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Paula T. Dow,
Attorney General

Division of Consumer Affairs
Thomas R. Calcagni, Director

  Bureau of Securities
Abbe R. Tiger, Bureau Chief
For Immediate Release:
June 20, 2011
For Further Information Contact:
Jeff Lamm, 973-504-6327
Neal Buccino, 973-504-6327
 

State Division of Consumer Affairs, Through Its Bureau of Securities, Takes Disciplinary Actions Against Two Financial Advisors

NEWARK - The Division of Consumer Affairs’ Bureau of Securities finalized administrative actions against two financial advisors who, in 2008, were denied registration by the Bureau to work in New Jersey’s securities industry. The Order denying their agent and investment adviser representative registrations was entered after a Bureau investigation had revealed that the funds of an elderly client and a non-profit foundation she had established were misused.

John Edward Mullins and Kathleen Maria Mullins, husband and wife of Margate, N.J., respectively were assessed $40,000 and $18,000 in civil penalties, under terms of their Administrative Consent Orders with the Bureau of Securities. John Mullins also is barred from working in the state’s securities industry. Kathleen Mullins agreed not to apply or act as an investment adviser representative, and any future agent registration will be restricted with a heightened supervisory agreement.

“We hold securities professionals accountable for their misdeeds. Those who think they can defraud investors and enrich themselves will find out how very wrong they are,” Attorney General Paula T. Dow said.

The Mullins became trustees of a non-profit foundation created by the late Esther C. Weil, a supporter of the Kimmel Center for the Performing Arts of Philadelphia and the Choral Arts Society. The Mullins both worked at the Morgan Stanley office in Northfield, N.J., from June, 2002 to August, 2006, when they were terminated for violating company policies.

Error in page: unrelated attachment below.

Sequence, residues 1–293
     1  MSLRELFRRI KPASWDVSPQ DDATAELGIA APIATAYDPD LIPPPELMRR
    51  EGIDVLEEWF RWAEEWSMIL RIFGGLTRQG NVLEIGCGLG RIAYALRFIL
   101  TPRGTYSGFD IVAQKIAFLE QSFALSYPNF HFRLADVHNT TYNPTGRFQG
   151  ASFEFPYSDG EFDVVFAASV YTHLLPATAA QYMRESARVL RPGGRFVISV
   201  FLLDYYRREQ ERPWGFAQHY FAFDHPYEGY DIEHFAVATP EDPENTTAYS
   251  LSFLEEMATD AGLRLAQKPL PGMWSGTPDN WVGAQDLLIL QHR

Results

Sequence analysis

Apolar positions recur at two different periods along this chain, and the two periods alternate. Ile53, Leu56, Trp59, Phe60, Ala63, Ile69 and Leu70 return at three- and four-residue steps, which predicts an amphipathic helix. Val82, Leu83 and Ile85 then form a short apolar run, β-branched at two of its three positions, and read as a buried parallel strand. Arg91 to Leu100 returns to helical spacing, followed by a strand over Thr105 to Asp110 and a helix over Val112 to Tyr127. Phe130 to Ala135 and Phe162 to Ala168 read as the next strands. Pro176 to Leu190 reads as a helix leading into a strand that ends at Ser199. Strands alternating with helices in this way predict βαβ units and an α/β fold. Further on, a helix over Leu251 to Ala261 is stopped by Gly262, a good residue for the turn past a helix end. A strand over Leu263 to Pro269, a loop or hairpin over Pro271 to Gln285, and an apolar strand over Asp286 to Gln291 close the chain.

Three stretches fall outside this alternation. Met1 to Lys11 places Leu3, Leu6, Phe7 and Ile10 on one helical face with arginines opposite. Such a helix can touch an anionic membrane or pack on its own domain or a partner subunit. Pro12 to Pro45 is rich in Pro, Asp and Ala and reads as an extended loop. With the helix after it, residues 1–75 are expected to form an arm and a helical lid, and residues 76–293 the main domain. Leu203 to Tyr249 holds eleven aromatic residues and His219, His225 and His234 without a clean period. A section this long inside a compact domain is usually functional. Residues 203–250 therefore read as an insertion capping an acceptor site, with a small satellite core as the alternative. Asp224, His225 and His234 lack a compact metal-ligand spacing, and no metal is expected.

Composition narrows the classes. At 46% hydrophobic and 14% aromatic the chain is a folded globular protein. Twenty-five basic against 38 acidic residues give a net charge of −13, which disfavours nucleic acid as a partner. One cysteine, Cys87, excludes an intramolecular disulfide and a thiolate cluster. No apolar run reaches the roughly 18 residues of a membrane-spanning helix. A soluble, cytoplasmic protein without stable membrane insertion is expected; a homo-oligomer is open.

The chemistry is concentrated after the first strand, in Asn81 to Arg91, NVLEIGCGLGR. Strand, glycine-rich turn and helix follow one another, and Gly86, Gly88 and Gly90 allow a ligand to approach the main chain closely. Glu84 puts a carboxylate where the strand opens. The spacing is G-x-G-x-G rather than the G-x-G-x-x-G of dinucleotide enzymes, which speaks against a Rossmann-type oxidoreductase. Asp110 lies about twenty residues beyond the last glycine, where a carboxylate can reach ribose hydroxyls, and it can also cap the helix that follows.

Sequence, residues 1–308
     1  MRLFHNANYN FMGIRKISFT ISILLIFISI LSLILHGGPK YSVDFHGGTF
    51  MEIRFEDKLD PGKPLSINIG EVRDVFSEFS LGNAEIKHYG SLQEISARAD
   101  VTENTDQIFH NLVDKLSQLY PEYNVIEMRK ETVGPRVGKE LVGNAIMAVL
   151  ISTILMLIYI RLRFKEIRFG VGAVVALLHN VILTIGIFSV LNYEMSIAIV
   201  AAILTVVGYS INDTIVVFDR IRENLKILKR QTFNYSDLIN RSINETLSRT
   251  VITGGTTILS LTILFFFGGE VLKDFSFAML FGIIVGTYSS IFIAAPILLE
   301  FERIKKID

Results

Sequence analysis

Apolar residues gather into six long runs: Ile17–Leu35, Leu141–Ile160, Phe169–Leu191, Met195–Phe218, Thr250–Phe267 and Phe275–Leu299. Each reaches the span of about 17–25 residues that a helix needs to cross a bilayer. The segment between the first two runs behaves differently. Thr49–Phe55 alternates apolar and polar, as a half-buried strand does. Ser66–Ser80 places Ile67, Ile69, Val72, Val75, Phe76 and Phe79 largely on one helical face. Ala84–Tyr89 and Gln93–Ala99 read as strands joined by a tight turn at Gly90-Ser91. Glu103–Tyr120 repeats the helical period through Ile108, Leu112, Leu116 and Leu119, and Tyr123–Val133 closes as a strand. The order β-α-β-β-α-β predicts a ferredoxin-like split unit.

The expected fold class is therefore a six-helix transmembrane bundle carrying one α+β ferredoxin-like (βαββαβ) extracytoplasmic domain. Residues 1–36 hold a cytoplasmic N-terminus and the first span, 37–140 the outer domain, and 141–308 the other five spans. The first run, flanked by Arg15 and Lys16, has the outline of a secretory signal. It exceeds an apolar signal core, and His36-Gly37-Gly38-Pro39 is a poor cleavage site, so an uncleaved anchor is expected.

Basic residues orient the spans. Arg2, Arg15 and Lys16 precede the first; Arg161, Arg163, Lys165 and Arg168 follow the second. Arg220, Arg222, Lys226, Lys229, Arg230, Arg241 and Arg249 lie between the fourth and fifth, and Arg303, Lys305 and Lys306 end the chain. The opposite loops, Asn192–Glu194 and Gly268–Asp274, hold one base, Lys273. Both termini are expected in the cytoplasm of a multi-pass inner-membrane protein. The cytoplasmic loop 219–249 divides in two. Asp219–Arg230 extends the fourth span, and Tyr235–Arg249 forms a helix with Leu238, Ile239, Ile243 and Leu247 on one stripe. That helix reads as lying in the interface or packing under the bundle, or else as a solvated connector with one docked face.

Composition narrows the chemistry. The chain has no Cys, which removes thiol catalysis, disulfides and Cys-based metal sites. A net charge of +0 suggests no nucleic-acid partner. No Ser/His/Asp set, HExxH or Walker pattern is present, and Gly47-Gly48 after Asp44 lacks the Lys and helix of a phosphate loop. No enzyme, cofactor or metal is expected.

As set forth in the Administrative Consent Order with John Mullins, in 2006 when the 95-year-old Weil became seriously ill, Mullins:

  • Department Store and $11,000 from Four Seasons Hotel and Resorts, the majority of which went to John and Kathleen Mullins’ benefit, including the use of $4,000 of the Four Seasons gift certificates towards a personal vacation to London, England;
  • Converted $375,000 of Weil’s assets for his personal use; and
  • Charged Weil’s Foundation account $1,634 to purchase 23 bottles of Beringer Private Reserve Cabernet at Morton’s Steakhouse in Atlantic City.
“Elderly investors are inviting targets for con artists because they are often isolated, willing to trust, and have substantial assets that they’ve built up through the years,” said Thomas R. Calcagni, Acting Director of the State Division of Consumer Affairs. “One in five senior citizens nationally are victims of financial fraud, and our Bureau of Securities is educating elderly investors about the scams we are seeing as well as acting against those who are targeting these investors.”

Abbe R. Tiger, Chief of the Bureau of Securities, added that “the Bureau remains focused on imposing substantial penalties on those who would prey upon the most vulnerable among us.”

Deputy Attorneys General Toral M. Joshi and Emanuel S. Asmar represented the Bureau of Securities in this settlement. Deputy Bureau Chief Amy Kopleton, Supervising Investigator Susan Largman, and Investigator Isaac Reyes handled the investigation. The Bureau of Securities can be contacted toll-free within New Jersey at 1-877-I-INVEST (1-877-446-8378) or from outside New Jersey at 973-504-3600. The Bureau’s website is located at www.njsecurities.gov.

View Consent Order (John Edwards Mullins)

View Consent Order (Kathleen Mullins)

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